ne day she was playing on break in the parking lot of the Broadway theater where she sold souvenirs, when a man walking by stopped and gave her five dollars. At that moment she had her first inkling. And when, at her coworkers’ insistence, she played out front during a play intermission some time later and made more than her shift pay, she knew: she was a busker. Busking is the ancient act of performing in public for tips, and the city is ambivalent about it. While busking is generally tolerated, it is forbidden on trains, and police sometimes push back if they feel like it. (A $150 ticket for weapon carrying prompted Paruz to take the teeth off of her busking saws). On the other hand, there’s the Music Under New York program, which is something of a holy grail for buskers. Paruz, a member since the mid-‘90s, is one of just over 100 musicians permitted to play three-hour sets a few times a week at designated performance spots throughout the subway system. To earn that privilege she quit her job and struck out for the sidewalks of Times Square. Winter drove her into the subway. To her surprise, the subteranean open space was perfectly-suited for saw playing. “I was totally hooked on the phenomenal acoustics in the subway,” Paruz said. “I never wanted to go back to playing above ground.”

Another thing she realized after a few years in the subway: so much happens in a day of busking, you’re liable to forget most of it. So she started jotting notes between songs, using her saw blade for a desk, and in the late ‘90s she started the blog, “Subway Music.” Unable to find software for it, she wrote the HTML herself. It began as a personal journal. “But then people started commenting and I realized that it’s another platform to bring people together,” she wrote in an email. Her blog posts read more like ledger entries than short stories now, in part because of the sheer quantity of people she sees in a day. Over the course of a three-hour show, she might interact with drunks and businessmen, Japanese tourists and orchestra conductor friends. Below-ground, she writes, “the level of humanity among these people is beautifully high.” Even the scariest and most frustrating people, she concludes again and again, harbor “hearts of gold.” Her experience seems to bear this out. There was the girl who stole from her bucket, and came back months later with a box of cookies as an offering. Then again there was also the scarier thief who never came back. “But that’s New York,” Moses Josiah said, recalling his own tip-theft experience between songs at the Times Square shuttle station. Josiah, 82, is the city’s other saw-playing subway veteran. Like Paruz, the vertan busker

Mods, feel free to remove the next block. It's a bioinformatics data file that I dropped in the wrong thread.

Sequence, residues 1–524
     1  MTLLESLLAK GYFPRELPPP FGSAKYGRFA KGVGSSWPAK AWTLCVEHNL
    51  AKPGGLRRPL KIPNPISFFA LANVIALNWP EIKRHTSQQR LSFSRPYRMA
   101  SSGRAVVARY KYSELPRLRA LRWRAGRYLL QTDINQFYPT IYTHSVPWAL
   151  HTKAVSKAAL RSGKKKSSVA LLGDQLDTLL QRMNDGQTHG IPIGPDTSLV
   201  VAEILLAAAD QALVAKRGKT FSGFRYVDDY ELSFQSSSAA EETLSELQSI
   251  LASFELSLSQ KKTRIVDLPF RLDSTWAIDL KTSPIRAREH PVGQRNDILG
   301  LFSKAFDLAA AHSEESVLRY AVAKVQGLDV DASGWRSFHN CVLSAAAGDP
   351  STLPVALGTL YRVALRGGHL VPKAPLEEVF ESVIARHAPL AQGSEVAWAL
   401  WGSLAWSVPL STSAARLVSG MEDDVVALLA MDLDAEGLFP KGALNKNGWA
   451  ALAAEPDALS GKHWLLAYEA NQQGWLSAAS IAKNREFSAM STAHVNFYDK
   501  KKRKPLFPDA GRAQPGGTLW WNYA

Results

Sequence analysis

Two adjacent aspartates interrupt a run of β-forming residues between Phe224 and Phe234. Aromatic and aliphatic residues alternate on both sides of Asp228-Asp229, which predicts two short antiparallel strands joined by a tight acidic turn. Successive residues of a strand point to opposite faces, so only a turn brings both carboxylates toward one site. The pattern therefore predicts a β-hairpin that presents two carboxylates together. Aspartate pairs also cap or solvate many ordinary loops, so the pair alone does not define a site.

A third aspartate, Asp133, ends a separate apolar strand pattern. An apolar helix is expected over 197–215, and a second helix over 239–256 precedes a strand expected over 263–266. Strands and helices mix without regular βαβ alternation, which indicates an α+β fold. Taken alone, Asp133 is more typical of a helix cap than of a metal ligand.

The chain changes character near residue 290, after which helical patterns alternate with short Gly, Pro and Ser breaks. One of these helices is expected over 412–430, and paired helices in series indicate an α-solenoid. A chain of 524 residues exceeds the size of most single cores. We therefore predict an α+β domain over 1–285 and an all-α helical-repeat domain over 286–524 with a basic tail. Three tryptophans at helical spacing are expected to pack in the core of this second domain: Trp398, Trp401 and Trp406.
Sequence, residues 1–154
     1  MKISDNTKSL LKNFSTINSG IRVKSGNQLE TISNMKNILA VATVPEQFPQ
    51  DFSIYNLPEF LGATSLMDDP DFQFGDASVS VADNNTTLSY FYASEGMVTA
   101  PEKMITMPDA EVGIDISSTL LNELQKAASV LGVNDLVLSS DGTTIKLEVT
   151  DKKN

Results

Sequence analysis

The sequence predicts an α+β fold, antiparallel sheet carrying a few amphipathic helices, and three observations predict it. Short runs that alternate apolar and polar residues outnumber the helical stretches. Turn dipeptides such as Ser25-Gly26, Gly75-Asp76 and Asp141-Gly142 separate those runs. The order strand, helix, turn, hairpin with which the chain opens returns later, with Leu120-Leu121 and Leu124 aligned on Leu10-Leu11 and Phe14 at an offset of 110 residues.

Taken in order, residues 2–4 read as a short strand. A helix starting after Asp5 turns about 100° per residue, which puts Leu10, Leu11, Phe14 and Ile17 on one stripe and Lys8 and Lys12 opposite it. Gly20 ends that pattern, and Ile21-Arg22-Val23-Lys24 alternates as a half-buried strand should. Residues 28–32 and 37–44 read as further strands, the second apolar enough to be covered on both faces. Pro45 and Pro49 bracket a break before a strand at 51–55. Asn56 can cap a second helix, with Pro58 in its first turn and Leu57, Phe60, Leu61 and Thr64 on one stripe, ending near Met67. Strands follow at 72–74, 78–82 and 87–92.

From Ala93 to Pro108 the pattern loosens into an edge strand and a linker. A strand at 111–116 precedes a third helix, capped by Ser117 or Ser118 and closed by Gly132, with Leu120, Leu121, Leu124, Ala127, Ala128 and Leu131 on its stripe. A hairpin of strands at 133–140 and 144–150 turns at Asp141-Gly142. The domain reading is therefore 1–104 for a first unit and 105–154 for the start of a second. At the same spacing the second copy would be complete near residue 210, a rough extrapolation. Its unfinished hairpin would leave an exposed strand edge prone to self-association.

has a rosy outlook. “The people of New York, most of them are givers,” he added. “They give so, so much.” Paruz remembers the blind man years ago, swaying as he listened to her play. A stranger bought a cassette tape from her and stuck it his hands, then disappeared into the crowd. And the silent man, who was deaf but could hear the frequencies of her saw. There have been millions more. “They say if you stand in one place in New York long enough, eventually you’ll see everyone who lives here,” Paruz said. And why not? Magical thinking has brought her this far.

Saw Shopping for Dummies

and Westphal company has been a prominent saw-maker since the 1920s, when saws provided novelty backing for many vaudeville acts. Like the best buskers and vaudevillians - and saw-makers for that matter - Mussehl and Westphal claims an unmatched technique and superior product. You can order one of their English steel tenor saw sets from Across the pond, Swedish precision toolmaker Bahco puts out a musical saw they call “Stradivarius” after the legendary Italian violinmaker Antonio Stradivari. Each saw is tested by a professional violinist, and only 500 are made per year, so good luck finding one.